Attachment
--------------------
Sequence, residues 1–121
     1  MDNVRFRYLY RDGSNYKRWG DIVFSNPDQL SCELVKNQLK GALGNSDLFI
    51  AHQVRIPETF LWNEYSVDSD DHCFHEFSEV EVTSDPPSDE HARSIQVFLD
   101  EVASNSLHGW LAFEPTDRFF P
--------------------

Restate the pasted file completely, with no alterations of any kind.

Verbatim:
Sequence, residues 1–121
     1  MDNVRFRYLY RDGSNYKRWG DIVFSNPDQL SCELVKNQLK GALGNSDLFI
    51  AHQVRIPETF LWNEYSVDSD DHCFHEFSEV EVTSDPPSDE HARSIQVFLD
   101  EVASNSLHGW LAFEPTDRFF P